For agile testing, fail fast with test impact analysis

Test impact analysis is a change-based testing practice that rapidly exposes issues in new/modified code

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“Failing fast” lies at the heart of agile. Teams want continuous integration (CI) to provide feedback on their latest updates as soon as possible. CI test results are the primary barometer that developers use to determine whether it’s safe to move on to the next development task, or if they inadvertently broke functionality that users have grown to rely on.

With more extensive and more effective regression testing during CI, you’re much more likely to spot critical problems as soon as they’re introduced—which is when they’re fastest, easiest and cheapest to fix. However, given the frequency of builds in most agile processes, there’s simply not much time available for test execution. Developers expect feedback in a matter of minutes, but most regression test suites—especially in Global 2000 organizations—take hours (or days!) to execute. This seems to force a trade-off: Settle for sluggish CI or scale down testing.

Having slow CI impacts productivity across all the team members waiting to review, extend, document, and test the newly integrated functionality. The closer the end-of-sprint deadline, the more painful each minute of waiting seems. Of course, you can (and should) accelerate the process with parallel/distributed test execution and similar technologies. But ultimately, if you want to accelerate the execution of a large enterprise test suite, you will need to make some hard decisions about what tests do not need to be executed for each build.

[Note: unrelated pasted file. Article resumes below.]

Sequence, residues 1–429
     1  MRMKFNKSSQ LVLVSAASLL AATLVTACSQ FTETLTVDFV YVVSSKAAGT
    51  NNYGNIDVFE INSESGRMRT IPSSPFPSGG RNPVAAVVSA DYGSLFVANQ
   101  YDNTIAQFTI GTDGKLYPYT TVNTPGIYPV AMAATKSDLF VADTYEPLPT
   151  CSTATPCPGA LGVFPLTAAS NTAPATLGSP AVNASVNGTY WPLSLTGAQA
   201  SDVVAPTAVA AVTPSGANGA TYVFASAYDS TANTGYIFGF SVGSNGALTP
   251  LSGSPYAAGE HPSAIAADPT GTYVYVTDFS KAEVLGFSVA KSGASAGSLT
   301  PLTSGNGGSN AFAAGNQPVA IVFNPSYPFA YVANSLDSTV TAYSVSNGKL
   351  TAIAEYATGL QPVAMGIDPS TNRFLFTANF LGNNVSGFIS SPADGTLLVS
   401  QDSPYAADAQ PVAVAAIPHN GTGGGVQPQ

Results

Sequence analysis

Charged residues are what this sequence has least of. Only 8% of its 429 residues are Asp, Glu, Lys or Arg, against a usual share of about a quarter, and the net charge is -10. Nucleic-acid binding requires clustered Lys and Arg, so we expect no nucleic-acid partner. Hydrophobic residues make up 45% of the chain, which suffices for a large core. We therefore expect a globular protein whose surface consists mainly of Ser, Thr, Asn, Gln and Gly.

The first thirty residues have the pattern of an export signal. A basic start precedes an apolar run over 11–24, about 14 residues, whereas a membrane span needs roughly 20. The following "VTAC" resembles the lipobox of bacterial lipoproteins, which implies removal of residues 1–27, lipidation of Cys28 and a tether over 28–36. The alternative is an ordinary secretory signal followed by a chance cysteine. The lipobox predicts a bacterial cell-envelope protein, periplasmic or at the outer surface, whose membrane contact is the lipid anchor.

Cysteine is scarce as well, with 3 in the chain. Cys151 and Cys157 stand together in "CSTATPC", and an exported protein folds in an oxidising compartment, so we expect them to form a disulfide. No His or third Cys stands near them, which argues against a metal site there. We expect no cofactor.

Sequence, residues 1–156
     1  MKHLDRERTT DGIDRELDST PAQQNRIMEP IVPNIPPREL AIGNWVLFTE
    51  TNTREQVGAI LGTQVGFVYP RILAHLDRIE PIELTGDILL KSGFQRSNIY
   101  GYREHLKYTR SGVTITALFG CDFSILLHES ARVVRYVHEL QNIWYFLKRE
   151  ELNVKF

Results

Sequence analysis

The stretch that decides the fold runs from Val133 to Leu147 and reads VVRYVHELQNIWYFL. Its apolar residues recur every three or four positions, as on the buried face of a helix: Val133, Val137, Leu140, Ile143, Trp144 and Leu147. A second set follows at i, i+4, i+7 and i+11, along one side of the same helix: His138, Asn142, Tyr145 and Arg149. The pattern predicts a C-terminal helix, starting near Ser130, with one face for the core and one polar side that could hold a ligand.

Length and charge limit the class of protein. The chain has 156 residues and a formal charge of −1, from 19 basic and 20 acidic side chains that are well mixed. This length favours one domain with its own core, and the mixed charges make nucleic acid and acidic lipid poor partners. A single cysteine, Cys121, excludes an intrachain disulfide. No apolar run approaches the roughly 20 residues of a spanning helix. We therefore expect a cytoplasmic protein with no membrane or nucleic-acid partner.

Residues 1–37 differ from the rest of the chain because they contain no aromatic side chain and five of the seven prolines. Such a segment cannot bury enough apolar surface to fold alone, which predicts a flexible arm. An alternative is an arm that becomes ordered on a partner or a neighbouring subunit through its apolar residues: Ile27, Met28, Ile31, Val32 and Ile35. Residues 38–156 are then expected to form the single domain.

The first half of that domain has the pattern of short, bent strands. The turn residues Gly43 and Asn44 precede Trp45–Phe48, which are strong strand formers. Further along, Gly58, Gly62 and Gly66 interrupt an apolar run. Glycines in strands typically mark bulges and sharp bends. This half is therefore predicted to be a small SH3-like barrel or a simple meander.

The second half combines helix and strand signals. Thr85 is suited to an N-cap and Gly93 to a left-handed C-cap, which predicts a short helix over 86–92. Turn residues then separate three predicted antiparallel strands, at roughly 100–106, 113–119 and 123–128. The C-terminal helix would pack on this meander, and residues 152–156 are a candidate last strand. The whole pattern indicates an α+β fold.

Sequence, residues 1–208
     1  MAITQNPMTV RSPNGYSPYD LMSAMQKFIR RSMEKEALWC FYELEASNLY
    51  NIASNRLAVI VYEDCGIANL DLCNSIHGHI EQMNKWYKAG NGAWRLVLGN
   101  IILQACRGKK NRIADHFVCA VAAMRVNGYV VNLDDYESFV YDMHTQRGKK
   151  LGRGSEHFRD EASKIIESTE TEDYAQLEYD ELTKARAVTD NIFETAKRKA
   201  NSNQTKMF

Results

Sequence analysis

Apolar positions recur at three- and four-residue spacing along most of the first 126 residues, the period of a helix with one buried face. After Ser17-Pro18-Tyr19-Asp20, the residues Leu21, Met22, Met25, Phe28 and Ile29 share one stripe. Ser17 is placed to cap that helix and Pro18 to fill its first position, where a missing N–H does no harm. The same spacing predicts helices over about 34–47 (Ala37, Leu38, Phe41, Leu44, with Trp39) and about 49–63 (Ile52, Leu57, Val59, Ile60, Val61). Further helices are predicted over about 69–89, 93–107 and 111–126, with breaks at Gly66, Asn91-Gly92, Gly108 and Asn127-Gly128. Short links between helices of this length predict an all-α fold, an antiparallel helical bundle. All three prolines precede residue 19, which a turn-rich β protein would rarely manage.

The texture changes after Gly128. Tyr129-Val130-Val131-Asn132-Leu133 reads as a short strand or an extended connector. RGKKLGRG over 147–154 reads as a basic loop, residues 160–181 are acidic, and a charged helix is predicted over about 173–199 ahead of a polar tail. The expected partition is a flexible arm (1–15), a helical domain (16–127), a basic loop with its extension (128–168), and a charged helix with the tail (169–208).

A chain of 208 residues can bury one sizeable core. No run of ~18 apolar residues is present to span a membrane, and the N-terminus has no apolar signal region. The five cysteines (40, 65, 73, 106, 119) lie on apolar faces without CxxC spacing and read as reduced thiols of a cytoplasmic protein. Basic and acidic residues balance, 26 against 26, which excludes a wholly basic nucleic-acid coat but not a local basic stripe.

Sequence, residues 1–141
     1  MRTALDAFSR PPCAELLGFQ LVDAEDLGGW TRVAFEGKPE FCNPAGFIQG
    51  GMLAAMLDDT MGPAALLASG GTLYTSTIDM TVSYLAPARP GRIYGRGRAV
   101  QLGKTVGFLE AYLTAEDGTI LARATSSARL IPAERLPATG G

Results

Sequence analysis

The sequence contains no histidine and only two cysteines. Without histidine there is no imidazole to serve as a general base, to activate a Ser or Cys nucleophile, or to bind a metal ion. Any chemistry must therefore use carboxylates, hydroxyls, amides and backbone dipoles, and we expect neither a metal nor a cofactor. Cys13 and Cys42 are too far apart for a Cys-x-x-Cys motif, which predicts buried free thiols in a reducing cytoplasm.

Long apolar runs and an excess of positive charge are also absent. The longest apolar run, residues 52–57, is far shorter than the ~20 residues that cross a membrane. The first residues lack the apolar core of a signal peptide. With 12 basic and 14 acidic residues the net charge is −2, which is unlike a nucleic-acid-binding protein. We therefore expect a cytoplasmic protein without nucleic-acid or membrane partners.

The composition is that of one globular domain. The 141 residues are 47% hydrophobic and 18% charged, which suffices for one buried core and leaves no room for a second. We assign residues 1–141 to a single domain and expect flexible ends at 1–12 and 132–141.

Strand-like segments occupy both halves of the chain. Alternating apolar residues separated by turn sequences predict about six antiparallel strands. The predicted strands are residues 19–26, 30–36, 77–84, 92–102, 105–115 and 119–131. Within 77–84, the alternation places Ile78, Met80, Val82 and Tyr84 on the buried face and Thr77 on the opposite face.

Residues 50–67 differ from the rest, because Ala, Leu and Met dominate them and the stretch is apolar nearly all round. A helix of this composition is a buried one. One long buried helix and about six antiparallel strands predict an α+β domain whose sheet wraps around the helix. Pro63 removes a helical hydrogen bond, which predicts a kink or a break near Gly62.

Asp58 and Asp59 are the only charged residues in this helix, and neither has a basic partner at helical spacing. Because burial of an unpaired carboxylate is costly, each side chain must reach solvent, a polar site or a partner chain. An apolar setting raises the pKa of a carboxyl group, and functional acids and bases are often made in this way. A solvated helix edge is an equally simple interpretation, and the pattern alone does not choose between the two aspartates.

Ways to speed up (and scale down) testing

One common approach to speeding up regression testing is to slash end-to-end tests. This is a huge mistake. As I’ve noted in past columns, I know that unit tests are valuable for exposing implementation errors. However, I just don’t see unit tests catching the issues that really impact the end user, which are largely integration issues. If you skip end-to-end tests designed by a professional tester who really understands the domain, you’ll inevitably miss a lot of issues that have a very direct impact on the user experience.

Risk-based testing is another “test acceleration” strategy, one that has a solid track record of delivering impressive results. But many organizations shy away from this approach because they fear it requires too much overhead. It doesn’t. I’ll explore this in detail in one of my next columns, but long story short: Unless you happen to have unlimited time and resources, you must use some level of risk-based prioritization to guide both your test case design and test execution efforts. Failure to do so places your business at too great of a risk.

Test impact analysis

For this column, let’s focus on an approach that’s starting to gain attention in the agile world: test impact analysis. This technique, as pioneered by Technical University Munich spinoff CQSE, rapidly exposes issues in code added or modified since the previous test run by applying two main principles:

  • Correlate all regression tests (even end-to-end regression tests) to code and select only the tests associated with the latest round of code changes. Why waste time executing tests that have no chance of uncovering defects in your new or modified code?